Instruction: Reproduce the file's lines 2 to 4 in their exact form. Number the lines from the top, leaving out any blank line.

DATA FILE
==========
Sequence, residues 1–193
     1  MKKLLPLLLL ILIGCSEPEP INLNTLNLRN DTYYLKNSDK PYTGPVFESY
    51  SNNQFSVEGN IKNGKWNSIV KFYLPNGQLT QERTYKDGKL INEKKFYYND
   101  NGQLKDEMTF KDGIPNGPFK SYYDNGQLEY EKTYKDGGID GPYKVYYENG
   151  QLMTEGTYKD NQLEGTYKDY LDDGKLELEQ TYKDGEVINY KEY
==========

     1  MKKLLPLLLL ILIGCSEPEP INLNTLNLRN DTYYLKNSDK PYTGPVFESY
    51  SNNQFSVEGN IKNGKWNSIV KFYLPNGQLT QERTYKDGKL INEKKFYYND
   101  NGQLKDEMTF KDGIPNGPFK SYYDNGQLEY EKTYKDGGID GPYKVYYENG